Essay about Symbolism in the Lottery - 765 Words.
Symbolism: The Lottery The lottery itself is symbolic of the traditions of the people, and their reluctance to change. The lottery is an annual event, and though it is a senseless sacrifice of their fellow brethren, it is defended by the town’s people.
The short story “The Lottery” by Shirley Jackson reveals the underlying many evils committed by mankind. It should be noted that, this story takes place in a remote village setting, where the people are dominated by traditional cultures and practices.
Essay Example on What Does The Stool Symbolize In The Lottery The three-legged stool that is mentioned in Shirley’s story happens to display important symbolism for her story. The three legs of the stool seemingly represent the Holy Trinity (God the Father, God the Son, and the Holy Spirt).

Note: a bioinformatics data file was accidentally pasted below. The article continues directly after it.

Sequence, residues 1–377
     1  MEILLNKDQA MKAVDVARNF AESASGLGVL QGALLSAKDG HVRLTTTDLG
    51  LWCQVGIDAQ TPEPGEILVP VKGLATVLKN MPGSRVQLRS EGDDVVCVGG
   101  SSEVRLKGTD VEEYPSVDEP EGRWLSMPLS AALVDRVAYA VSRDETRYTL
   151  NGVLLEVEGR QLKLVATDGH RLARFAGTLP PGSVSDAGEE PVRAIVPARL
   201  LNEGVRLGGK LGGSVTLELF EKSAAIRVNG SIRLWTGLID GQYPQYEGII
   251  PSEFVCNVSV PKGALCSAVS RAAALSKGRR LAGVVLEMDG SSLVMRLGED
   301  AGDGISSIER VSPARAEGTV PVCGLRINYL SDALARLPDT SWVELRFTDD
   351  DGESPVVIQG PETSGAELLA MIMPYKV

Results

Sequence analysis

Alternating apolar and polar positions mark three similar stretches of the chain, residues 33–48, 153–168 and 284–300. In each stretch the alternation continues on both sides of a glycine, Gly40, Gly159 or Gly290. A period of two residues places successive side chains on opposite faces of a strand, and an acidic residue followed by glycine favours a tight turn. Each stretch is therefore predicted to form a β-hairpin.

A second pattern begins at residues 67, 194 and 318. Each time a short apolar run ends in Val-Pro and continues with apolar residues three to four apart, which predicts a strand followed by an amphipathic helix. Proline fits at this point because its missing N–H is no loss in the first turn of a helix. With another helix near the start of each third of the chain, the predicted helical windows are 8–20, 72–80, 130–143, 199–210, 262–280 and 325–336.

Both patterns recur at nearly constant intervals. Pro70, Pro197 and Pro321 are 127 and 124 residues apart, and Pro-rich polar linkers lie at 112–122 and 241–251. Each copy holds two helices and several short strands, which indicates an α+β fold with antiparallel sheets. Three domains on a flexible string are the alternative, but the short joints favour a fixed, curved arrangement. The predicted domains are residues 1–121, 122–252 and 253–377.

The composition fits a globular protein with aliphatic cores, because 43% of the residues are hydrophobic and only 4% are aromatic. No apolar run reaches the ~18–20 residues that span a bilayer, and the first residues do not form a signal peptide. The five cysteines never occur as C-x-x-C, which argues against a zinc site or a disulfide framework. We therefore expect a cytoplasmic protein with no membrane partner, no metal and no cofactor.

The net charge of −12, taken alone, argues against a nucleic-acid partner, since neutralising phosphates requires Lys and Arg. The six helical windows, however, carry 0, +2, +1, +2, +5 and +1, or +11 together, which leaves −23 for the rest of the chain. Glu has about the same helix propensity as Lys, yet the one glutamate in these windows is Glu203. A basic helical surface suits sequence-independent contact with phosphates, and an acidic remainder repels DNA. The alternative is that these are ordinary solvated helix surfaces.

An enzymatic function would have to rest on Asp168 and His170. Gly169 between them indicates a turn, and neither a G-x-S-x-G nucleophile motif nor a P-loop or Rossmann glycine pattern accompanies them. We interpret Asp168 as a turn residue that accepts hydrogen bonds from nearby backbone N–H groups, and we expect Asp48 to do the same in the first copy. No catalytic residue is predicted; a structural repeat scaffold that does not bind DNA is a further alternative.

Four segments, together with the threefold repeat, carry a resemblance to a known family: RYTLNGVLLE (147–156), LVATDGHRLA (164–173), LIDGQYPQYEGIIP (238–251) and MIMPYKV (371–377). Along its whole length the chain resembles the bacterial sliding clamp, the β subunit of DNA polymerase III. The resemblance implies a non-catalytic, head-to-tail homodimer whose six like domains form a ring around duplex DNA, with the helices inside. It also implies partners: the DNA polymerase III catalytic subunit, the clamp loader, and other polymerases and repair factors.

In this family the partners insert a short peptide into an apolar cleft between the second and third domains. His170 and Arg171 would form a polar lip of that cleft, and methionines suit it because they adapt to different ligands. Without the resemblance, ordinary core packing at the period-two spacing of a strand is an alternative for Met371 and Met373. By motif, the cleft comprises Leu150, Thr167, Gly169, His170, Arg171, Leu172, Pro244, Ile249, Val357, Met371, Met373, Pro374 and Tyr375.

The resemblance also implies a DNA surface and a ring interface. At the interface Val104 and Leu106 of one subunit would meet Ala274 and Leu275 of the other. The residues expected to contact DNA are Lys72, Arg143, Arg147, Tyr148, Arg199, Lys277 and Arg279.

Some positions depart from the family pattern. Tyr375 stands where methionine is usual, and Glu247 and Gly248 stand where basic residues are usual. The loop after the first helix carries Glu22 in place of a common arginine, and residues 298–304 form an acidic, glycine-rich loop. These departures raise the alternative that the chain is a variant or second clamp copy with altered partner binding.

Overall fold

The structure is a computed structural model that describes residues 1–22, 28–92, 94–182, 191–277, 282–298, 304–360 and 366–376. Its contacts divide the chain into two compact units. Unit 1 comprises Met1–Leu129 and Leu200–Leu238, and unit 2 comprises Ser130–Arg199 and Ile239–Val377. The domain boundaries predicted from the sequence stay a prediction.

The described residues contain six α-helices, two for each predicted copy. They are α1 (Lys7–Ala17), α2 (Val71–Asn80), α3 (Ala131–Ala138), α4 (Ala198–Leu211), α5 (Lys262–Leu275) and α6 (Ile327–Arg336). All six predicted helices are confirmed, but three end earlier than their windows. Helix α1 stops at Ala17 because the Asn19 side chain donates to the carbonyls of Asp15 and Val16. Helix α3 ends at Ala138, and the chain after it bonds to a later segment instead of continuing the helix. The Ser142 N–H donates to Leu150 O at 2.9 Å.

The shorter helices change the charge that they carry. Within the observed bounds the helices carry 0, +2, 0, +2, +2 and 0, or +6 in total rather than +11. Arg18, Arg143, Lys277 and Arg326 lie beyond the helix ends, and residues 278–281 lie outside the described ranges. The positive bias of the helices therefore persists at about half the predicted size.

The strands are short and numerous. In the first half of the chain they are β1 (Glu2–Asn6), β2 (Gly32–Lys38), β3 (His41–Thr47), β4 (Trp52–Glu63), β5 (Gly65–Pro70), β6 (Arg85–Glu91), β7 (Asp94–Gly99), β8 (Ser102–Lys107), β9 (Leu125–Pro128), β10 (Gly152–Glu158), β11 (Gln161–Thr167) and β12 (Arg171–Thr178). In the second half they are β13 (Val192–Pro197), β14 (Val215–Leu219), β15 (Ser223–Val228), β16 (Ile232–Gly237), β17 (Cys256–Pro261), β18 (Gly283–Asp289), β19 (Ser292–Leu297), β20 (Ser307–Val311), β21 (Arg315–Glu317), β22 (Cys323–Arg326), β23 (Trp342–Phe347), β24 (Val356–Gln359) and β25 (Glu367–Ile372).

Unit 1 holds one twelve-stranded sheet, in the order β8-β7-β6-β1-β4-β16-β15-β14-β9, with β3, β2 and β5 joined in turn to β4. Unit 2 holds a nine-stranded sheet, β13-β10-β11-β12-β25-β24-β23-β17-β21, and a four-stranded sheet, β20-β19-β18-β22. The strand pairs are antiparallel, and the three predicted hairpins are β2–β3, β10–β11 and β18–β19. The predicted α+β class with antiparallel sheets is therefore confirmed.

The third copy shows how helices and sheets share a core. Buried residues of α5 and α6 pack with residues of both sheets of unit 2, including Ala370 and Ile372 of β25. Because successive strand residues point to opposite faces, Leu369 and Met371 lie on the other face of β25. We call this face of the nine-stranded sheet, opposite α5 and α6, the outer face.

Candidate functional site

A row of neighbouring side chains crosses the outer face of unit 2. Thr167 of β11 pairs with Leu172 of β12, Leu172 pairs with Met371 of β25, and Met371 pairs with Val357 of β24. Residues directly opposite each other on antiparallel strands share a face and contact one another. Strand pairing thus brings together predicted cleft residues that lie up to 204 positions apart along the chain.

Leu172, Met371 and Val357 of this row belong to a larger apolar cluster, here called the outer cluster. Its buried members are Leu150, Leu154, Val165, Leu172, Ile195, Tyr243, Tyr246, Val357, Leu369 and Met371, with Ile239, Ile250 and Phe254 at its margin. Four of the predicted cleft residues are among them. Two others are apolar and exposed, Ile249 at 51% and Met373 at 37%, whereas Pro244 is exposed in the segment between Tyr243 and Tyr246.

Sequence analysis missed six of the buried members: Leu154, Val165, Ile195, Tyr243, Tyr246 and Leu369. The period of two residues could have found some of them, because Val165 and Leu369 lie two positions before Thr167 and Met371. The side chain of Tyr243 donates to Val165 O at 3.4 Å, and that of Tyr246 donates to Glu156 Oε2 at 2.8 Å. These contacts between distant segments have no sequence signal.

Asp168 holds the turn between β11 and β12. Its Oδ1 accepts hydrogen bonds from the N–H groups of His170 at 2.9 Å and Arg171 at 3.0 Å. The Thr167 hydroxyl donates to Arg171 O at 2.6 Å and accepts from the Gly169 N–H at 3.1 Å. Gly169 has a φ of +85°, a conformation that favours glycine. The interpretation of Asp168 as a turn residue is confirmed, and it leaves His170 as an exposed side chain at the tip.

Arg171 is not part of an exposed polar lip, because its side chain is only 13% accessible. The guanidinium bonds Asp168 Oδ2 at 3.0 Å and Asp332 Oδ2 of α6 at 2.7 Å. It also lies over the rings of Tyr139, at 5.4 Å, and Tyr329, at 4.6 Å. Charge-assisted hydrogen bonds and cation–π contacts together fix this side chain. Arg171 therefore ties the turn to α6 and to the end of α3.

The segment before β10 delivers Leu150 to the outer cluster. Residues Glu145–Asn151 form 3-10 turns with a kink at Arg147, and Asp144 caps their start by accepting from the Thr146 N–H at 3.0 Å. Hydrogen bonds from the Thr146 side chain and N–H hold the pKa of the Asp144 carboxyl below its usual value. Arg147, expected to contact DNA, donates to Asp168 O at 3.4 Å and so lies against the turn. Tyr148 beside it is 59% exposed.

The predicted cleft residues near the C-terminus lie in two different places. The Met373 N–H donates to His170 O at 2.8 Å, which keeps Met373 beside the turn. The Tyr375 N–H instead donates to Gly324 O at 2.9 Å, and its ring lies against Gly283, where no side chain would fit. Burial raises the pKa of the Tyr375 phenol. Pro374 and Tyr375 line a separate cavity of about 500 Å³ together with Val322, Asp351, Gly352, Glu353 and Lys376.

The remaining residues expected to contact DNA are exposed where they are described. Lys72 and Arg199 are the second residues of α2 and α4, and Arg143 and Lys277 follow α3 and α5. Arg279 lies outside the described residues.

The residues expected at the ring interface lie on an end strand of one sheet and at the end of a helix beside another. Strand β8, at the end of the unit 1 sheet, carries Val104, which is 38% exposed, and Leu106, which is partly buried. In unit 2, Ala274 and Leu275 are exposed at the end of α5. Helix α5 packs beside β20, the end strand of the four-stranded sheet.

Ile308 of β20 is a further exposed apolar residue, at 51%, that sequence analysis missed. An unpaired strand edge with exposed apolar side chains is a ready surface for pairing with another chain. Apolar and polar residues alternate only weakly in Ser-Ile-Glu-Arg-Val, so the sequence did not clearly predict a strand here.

In the short story, by Shirley Jackson, The Lottery, is about a small town that gathers everyone together each year for a big drawing. The drawing consists of a list, the head of families and heads of households that were usually the husbands, and if they are not present, the next in line, is the oldest son; Once all the heads of households have pulled, with hopes of their slips of paper are.
Symbolism and Irony in The Lottery: free Literature sample to help you write excellent academic papers for high school, college, and university. Check out our professional examples to inspire at EssaysProfessors.com.
In her short story, The Lottery, Shirley Jackson writes about an idyllic New England town where the yearly lottery is about to take place. It is seemingly a happy event, however, what starts out for the reader as an anticipation of excitement turns into horror and then disgust when it is discovered that the lottery is actually taking place to make the yearly decision of which townsperson is to.
The lottery in this story is used for a public stoning, contrary to the first thing that comes to a reader's mind when they think of winning the lottery; a big sum of money. The reader sees both literal and metaphorical meaning of this story because for one it shows for face value what the entire story is about, and hidden behind it is the notion of the scapegoat being picked like a lottery.